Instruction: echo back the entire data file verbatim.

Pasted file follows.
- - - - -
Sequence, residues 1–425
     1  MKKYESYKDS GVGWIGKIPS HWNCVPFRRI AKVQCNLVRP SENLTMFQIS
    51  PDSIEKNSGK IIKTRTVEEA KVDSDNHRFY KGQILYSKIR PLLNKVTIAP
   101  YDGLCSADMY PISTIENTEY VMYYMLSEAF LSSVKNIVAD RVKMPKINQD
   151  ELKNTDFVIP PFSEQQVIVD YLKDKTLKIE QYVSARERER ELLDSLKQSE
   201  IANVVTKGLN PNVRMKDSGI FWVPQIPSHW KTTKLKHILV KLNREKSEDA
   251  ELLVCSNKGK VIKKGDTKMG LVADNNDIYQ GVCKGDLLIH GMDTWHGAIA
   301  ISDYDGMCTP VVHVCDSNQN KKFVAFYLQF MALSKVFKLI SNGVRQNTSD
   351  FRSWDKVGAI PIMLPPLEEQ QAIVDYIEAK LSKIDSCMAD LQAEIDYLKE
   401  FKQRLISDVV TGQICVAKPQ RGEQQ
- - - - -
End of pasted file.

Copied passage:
Sequence, residues 1–425
     1  MKKYESYKDS GVGWIGKIPS HWNCVPFRRI AKVQCNLVRP SENLTMFQIS
    51  PDSIEKNSGK IIKTRTVEEA KVDSDNHRFY KGQILYSKIR PLLNKVTIAP
   101  YDGLCSADMY PISTIENTEY VMYYMLSEAF LSSVKNIVAD RVKMPKINQD
   151  ELKNTDFVIP PFSEQQVIVD YLKDKTLKIE QYVSARERER ELLDSLKQSE
   201  IANVVTKGLN PNVRMKDSGI FWVPQIPSHW KTTKLKHILV KLNREKSEDA
   251  ELLVCSNKGK VIKKGDTKMG LVADNNDIYQ GVCKGDLLIH GMDTWHGAIA
   301  ISDYDGMCTP VVHVCDSNQN KKFVAFYLQF MALSKVFKLI SNGVRQNTSD
   351  FRSWDKVGAI PIMLPPLEEQ QAIVDYIEAK LSKIDSCMAD LQAEIDYLKE
   401  FKQRLISDVV TGQICVAKPQ RGEQQ